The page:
Black Metamorphosis (Album, Sci-Fi & Fantasy, 2019)
Savvy Contemporary Berlin event-
Lamin Fofana presents BLACK METAMORPHOSIS, the first installment of an album trilogy inspired in part by Sylvia Wynter’s unpublished manuscript of the same title written in the 1970s.
In his latest album, he contemplates the complicated process of understanding each other, while also desiring to accelerate the breaking of the world so we can move beyond the constraints of our time and dream up new sets of relationships. Lamin’s overlapping interests in history and contemporary circumstances and practice of transmuting text into the affective medium of sound brought him to “Black Metamorphosis” and the wider project of Black Studies. Sylvia Wynter’s “Black Metamorphosis: New Natives in a New World” is an unpublished 900-plus page manuscript written in the 1970s which is arguably one of the most important and most compelling interpretations of the black experience in the Western hemisphere.
What happens when black people find themselves in the West? What ways are African aesthetics forced to permutate, outside the margins and in the in-between spaces, and what transformative potential lies on the outskirts of normative existence, in the “liminal zones”?
Reflecting on the sonorous power of Sylvia Wynter, BLACK METAMORPHOSIS , which is the title piece on this release, this is an attempt to transmute Lamin’s interpretation of a concept he finds deeply inspiring and illuminating of his own experience as a black African in contemporary Europe.
Brancusi Sculpting Beyonce (EP, Hundebiss Records, 2018, IT/DE)
“Brâncuși sculpting Beyoncé in gold lamé” is a line from Mike Ladd’s song “Blonde Negress” from the album Negrophilia. The album was inspired by Petrine Archer-Straw’s book of the same name (with the subtitle “Avant-Garde Paris and Black Culture in the 1920s”).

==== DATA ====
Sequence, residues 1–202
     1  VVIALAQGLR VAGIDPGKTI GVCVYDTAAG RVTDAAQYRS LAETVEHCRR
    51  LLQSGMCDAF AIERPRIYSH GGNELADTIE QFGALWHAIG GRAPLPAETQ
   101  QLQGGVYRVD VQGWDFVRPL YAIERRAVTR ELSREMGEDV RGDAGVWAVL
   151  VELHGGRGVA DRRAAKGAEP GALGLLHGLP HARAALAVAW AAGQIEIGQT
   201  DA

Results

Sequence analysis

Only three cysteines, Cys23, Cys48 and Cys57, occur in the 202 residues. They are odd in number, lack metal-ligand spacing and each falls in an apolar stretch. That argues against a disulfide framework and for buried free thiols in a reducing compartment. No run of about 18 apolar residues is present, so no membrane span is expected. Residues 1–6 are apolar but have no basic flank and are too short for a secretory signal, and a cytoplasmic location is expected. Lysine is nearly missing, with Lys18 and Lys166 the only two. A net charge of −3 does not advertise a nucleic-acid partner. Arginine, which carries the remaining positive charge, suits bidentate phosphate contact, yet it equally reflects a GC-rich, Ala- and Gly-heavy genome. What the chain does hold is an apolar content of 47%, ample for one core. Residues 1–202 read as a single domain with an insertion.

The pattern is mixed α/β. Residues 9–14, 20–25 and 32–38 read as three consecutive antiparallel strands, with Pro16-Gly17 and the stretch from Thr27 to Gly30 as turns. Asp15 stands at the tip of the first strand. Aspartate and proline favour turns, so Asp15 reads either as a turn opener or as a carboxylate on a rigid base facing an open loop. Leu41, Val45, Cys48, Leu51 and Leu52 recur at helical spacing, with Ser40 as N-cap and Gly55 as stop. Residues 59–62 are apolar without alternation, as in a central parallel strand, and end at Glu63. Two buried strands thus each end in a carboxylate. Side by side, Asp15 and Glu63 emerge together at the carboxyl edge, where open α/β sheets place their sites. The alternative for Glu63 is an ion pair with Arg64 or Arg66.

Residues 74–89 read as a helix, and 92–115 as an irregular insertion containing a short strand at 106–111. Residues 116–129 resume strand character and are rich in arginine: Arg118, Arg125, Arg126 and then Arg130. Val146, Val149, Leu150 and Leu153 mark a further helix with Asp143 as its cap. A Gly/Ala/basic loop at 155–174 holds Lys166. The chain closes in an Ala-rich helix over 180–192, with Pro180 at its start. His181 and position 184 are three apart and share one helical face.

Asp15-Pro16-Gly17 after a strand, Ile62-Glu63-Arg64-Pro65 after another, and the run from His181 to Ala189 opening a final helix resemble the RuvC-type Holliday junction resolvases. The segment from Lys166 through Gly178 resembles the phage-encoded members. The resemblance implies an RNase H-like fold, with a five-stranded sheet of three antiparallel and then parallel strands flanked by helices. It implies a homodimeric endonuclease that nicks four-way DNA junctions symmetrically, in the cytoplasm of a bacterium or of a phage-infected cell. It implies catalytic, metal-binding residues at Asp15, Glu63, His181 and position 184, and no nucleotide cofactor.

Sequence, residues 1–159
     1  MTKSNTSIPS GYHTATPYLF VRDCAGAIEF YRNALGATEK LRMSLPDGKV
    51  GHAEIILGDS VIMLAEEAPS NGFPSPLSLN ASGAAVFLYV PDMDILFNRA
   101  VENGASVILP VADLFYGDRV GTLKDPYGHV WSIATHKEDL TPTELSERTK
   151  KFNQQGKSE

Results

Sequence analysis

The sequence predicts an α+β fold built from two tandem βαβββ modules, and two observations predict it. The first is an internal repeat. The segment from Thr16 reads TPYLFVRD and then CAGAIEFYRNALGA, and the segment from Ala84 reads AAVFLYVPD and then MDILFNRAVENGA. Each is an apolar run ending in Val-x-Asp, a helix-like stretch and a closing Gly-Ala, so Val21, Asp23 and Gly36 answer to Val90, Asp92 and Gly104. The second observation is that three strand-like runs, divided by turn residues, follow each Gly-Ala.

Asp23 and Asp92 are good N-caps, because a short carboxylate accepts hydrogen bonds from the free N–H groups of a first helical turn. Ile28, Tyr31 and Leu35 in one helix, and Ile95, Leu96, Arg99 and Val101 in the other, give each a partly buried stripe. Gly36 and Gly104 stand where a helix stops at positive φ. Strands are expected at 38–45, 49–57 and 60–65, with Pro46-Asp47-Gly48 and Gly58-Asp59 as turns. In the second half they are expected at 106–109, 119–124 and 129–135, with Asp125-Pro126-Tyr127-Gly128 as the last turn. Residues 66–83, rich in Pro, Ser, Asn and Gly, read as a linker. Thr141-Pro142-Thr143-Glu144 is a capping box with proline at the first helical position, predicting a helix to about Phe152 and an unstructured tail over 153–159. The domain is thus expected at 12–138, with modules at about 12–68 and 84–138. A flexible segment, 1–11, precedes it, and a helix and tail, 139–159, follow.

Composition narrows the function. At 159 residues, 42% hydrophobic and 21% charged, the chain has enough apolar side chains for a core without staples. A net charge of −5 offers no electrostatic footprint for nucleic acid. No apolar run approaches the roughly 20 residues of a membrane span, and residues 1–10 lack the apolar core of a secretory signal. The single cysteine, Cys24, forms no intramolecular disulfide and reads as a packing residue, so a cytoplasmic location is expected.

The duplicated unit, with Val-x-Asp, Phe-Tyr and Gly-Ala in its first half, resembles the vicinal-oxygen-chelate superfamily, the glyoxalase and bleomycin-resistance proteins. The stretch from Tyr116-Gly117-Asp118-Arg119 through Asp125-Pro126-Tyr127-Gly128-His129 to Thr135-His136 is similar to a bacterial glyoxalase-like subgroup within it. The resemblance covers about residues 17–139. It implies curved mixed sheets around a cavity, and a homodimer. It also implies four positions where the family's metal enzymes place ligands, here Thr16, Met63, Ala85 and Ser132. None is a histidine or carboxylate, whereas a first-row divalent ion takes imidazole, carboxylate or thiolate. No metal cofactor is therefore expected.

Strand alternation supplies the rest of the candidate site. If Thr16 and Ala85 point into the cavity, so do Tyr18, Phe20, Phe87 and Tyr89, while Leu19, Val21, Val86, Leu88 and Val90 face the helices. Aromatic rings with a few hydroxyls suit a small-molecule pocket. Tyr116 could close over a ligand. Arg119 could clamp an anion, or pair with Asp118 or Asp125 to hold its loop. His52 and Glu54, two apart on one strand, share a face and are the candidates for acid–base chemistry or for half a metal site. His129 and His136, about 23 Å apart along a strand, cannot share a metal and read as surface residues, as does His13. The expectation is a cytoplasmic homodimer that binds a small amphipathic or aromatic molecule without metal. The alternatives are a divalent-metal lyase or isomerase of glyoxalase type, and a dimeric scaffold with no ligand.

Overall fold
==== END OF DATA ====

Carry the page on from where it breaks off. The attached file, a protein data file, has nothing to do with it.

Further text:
The book explores the Paris art world’s embrace of black American and African culture — and its co-option of black art and culture, which played heavily into Art Deco, Cubism, jazz, etc. I read the book some years back, but I love how Mike Ladd warps it, drawing a long line between Beyonce and Brancusi, whose Sleeping Muse was inspired by African masks.
Doubleworld (Album, Sci-Fi & Fantasy, 2016, US/DE)
In October 2014, a physician was diagnosed with ebola in New York City. He had returned from working with Doctors Without Borders, in Guinea. I was living in Brooklyn at the time. I remember the amount of panic and confusion and outright fear-mongering this ignited – from city officials down to average New Yorkers in the subway. It was as if the entire city was about to be engulfed by the disease. The climate was toxic. While this was happening in New York, the outbreak was spreading and killing thousands of people in Liberia, Guinea, and Sierra Leone. As an African immigrant living in the States with family in Sierra Leone and Guinea, I observe the events and moods reflected on both sides of the Atlantic. In the end, a Liberian man died in Dallas, a nurse’s dog died in Spain, while more than 11,000 people perished in West Africa.
New Horizons (EP, self-released, 2015)
Another World (EP, self-released, 2015)